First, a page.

Nissan is really struggling in India. Because of this, Nissan evidently thinks it’s OK to pay its employees less than half of what they’d earn at a more successful competitor’s factory. On Wednesday, an arbitrator told the company it actually needs to pay people anyway. From Reuters:
Nissan and its union have been locked in an industrial arbitration dispute since July after the two sides failed to reach a mutual agreement over several issues including higher wages. A previous wage agreement expired in March 2019.
A tribunal has ordered Renault-Nissan to pay its 3,542 workers an average of over 7,100 rupees ($96) a month in backdated dues as interim relief, according to an Aug. 16 order seen by Reuters.
The payments, higher than the consortium’s initial offer of $30 a month but lower than the union’s demand of $270, would cost Renault-Nissan about $9.53 million in total.
The arbitrator will continue to hear over 50 other demands by the workers over the coming days, which if agreed to could together cost the company 93% more per worker, Nissan said.
93 percent more per worker! Wow, you really must be shafting people if a court tells you that effectively doubling your employees salaries is the only fair resolution. Nissan says it has “no financial capacity” to meet the demands, and that such an arrangement is unsustainable. That sucks, it really does. But paying humans peanuts is also, arguably, quite unsustainable. For the humans, anyway. Here’s another standout excerpt:
The workers’ demands include higher basic pay, an annual increment of 500 rupees, hike in allowances and insurance cover, and appointing an additional member in assembly lines to cover for workers taking restroom breaks.
“The demands made on the worker for sacrifice for the viability of the company is much more than the sacrifice made by the supervisory and managerial personnel and the directors,” the union said in the filing.
Remember, anytime a company says “we” are making “sacrifices,” take note of who “we” does and does not include.
I know Stellantis’ pivot to electrification is extremely cringey, I get it. And I know Dodge is the most egregious offender in the group. But Dodge is also in the absolute worst position, because it has to convince the gruff, macho types for whom consumption of gasoline is an identity that an EV Challenger or Charger or whatever can still be fun. It might be impossible, but the brand is going to try because it has no other choice.
Dodge CEO Tim Kuniskis recently discussed navigating this challenge with Muscle Cars & Trucks:
“The reception that I’ve gotten from customers… when you make a big change, there’s going to be people that just aren’t going to follow you, at least initially,” said Kuniskis. “But a lot of those people will return eventually when they see we’re serious, and we’re going to be Dodge first.”
Of course, if some Dodge customers leave because of an electric vehicle, then perhaps new ones will show up for the same reason. Kuniskis and company have been vocal in sharing that electrification can improve the performance of a muscle car, but customers have to be willing to pay for the upgrade.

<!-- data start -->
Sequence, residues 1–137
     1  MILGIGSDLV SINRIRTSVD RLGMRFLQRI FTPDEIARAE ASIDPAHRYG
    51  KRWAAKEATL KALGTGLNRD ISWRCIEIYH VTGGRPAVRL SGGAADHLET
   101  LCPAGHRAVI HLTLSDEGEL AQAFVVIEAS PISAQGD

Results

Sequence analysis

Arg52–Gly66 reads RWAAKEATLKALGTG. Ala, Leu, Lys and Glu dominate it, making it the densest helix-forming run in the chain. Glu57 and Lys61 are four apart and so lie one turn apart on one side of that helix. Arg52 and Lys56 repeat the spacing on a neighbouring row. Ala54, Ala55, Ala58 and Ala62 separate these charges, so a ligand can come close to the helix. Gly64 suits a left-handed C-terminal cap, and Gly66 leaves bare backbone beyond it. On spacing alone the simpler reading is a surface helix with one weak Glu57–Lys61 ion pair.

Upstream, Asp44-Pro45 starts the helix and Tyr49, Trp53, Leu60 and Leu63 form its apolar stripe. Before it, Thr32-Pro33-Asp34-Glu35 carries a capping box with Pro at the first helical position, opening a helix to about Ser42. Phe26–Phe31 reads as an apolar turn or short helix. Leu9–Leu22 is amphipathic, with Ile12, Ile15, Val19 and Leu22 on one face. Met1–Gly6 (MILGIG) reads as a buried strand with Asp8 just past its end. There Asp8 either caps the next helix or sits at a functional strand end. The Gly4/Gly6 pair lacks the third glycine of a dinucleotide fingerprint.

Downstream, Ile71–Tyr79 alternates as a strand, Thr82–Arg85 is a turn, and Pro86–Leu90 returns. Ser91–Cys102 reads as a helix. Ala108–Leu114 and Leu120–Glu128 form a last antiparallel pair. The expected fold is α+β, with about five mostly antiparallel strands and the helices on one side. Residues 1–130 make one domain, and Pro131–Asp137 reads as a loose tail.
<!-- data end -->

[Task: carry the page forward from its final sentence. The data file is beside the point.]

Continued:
“Some people won’t follow, it’s just the way it is, but we’re hoping that we can fill that with new people that are coming in,” he said.
He also shared that the existing Dodge muscle won’t vacate the premises immediately upon the arrival of that first EV model:
However, there might be a bit of a grace period for those seeking the Dodge Charger and Challenger generation beyond 2024.
“The new platform comes in 2024,” said Tim. “The new car comes in 2024. We didn’t say that the current cars are going to die in 2024. There might be a little overlap, but you’re not going to have years and years and years of the classic and the new one at the same time.”
Maybe you’ll get a year or two of the old cars on sale next to their replacements. The Challenger and Charger have already persisted with minor refreshes and changes for 150 years or so. If you want one, plan to get it by like 2025. If that’s not enough time, I don’t know what to tell you.
The smartphone maker that owned the market 15 years ago purely because it was the least bad option, then rested on its laurels and dismissed any calls to innovate now makes software called QNX that underpins some automotive systems. Volkswagen and Ford are among BlackBerry’s clients. As it happens, a major flaw has been discovered in QNX. From Reuters:
The warning came after the Canadian company disclosed that its QNX Real Time Operating System (QNX RTOS) has a vulnerability that could allow an attacker to execute an arbitrary code or flood a server with traffic until it crashes or gets paralyzed.
Such vulnerabilities are an ongoing problem in the tech realm, but they’re especially a problem in a vehicle moving at high speed, with one or more occupants inside. This is always the concern when exploits are discovered in cars.
The U.S. Cybersecurity and Infrastructure Security Agency (CISA) said the software is used in a wide range of products and its compromise “could result in a malicious actor gaining control of highly sensitive systems, increasing risk to the Nation’s critical functions”, the CISA said.
Now, neither the government nor BlackBerry have found any case where the flaw has been exploited. Their disclosure of it now hopefully means that a fix is on the way, which you or a dealer will likely have to fix via a software update. Hopefully, this can be done over the air, though every manufacturer has a different way of dealing with these things.
The British Motor Corporation launched the original Mini on this day in 1959, 62 years ago. The concept was initially presented in two flavors: the Morris Mini Minor and Austin Seven. In time, that list of aliases would grow to be quite large. From Wikipedia: